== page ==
Friday last week I had the pleasure to attend a social event of the Austrian Oxford and Cambridge Society at the Vienna English Theatre where we saw ‘Cat on a Hot Tin Roof’ by Tennessee Williams.
It was the first time I saw the play, but I knew the film—a classic from 1958—starring Elisabeth Taylor and Paul Newman and directed by Richard Brooks. I recommend both. The performance at the Vienna English Theatre directed by Jonathan Fox (of the Ensemble Theatre Company of Santa Barbara) and starring Rachel Spencer Hewitt (as Maggie), Ross Hellwig (as Brick), Peggy Cosgrave (as Big Mama) and John Robert Tillotson (as Big Daddy) was brilliant. The lead actors were great, but also those playing the parts of secondary characters. None was ‘flat’—a credit of the playwright but also of the cast of this specific production.
The setting for the play is the American South. The Pollitt family is rich (“28 thousand acres of the richest land …”) but divided and unhappy. Father (Big Daddy) is dying of cancer but has not been told; Mother (Big Mamma) suspects but does not want to admit. Their shared concern is whom to bequest their land to: their eldest son Gooper, who is reliable, married, with five children, but obsessed with money and status? Or to their youngest, Brick, a former football player, who is nicer and a more sensitive person but an alcoholic since his friend Skipper committed suicide following an affair with Brick’s wife, Maggie (‘the cat’)?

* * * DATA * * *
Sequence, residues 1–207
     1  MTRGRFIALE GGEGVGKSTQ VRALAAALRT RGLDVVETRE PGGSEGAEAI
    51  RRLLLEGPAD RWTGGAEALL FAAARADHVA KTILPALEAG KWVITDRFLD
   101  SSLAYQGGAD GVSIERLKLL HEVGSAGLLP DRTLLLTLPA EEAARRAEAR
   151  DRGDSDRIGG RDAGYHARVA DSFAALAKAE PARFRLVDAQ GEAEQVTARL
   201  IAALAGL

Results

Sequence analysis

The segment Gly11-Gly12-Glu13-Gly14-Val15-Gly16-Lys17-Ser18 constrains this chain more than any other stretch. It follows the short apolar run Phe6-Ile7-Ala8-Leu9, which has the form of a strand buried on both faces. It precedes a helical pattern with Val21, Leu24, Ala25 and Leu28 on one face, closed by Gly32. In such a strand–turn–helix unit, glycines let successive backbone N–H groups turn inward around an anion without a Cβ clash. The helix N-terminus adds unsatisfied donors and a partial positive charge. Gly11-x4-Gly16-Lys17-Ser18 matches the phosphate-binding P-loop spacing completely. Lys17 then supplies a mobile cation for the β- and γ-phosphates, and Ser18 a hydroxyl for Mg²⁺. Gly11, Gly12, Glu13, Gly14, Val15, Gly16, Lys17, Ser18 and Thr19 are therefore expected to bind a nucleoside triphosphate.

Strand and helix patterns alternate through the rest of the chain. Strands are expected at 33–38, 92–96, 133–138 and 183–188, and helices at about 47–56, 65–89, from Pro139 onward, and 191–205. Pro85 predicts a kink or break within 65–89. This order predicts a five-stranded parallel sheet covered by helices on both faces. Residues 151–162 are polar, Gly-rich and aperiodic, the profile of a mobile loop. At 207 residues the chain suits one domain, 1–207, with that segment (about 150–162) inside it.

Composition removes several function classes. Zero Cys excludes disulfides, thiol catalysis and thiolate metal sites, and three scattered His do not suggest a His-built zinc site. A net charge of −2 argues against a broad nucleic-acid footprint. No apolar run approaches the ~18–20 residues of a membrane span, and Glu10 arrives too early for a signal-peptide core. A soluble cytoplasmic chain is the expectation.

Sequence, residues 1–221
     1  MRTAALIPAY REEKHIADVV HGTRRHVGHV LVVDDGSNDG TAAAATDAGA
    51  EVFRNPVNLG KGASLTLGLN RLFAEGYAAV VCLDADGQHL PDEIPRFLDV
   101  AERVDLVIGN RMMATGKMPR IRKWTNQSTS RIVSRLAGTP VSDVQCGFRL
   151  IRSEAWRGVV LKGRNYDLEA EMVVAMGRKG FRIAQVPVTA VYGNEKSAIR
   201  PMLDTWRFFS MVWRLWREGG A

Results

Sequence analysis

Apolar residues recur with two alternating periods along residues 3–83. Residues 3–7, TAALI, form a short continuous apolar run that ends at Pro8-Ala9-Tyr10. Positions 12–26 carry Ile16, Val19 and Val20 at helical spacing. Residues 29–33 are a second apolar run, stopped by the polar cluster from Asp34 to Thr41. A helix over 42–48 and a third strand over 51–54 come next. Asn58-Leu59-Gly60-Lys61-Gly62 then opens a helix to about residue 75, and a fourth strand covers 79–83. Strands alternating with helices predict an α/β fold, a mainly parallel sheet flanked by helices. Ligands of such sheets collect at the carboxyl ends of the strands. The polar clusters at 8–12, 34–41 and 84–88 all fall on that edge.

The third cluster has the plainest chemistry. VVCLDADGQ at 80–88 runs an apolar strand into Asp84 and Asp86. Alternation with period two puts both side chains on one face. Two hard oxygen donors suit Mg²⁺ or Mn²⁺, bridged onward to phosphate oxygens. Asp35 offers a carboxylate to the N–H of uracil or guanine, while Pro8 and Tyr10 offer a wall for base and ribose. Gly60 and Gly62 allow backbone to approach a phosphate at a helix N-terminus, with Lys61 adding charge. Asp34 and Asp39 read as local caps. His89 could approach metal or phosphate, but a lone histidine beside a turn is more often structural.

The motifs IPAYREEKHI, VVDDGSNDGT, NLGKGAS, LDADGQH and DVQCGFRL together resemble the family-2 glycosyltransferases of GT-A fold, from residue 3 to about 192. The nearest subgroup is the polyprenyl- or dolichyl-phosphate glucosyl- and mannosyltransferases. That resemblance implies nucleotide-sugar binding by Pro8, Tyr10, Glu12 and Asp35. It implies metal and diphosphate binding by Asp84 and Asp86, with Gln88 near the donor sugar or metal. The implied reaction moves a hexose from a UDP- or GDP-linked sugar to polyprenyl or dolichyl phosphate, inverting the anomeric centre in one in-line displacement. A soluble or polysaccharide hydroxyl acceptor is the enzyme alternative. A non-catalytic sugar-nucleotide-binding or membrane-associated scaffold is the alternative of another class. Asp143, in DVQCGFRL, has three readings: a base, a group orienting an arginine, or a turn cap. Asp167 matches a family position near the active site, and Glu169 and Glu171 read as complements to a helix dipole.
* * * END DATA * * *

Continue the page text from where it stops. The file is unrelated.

For Brick, his friendship with Skipper was “one great good thing which is true”. In Maggie’s eyes, the relationship went beyond friendship and she could not bear the two men’s inability to admit this to each other. To prove her wrong, Skipper tries to sleep with her, and when he fails he commits suicide. Brick is heartbroken. He turns to alcohol and begins hating Maggie. The extent of this hatred, but also Maggie’s resolution to maintain the relationship with Brick thus safeguarding her indirect claim to the Pollitt inheritance is forcefully demonstrated in the first act.
In the second act, Big Daddy confronts Brick and wants to know why he is drinking. Brick’s answer: mendacity. Brick cannot stand life’s deception. Unable to become conscious of his own dishonesty to himself, he has grown obsessed with the falsehood of others. He is drinking because that is a “way out of it”, death being the other. Big Daddy tries to shake him, but is not successful. There seems to be no way out of the psychological impasse. The drama is resolved by Maggie who in the third act declares she is pregnant. She obviously intends to ensure the family tradition is upheld—at whatever cost. Women are not the sympathetic characters in this play. They are frantic, like cats banished in a hot tin roof, not daring to jump off, instead yowling till one’s nerves break. It is the system of mendacity “that we live in” that has made them this; and it is men who have erected this system.
It is a tragic story and, at the same time, absurd—would be laughable had it not been true in this and other variations, still today. People (and families) will often expend an amazing amount of creative energy, slowly turning into aggression, for upholding status and conventions even when these are the source of deep distress and unhappiness. The irony of this, especially in our ‘modern’ times, was beautifully evoked by the cast of this production. Mirth, mixed with sadness, was the type of catharsis delivered—well done!
Playing till middle of March. Check out details at http://www.englishtheatre.at/english/whats-on/cat-on-a-hot-tin-roof.html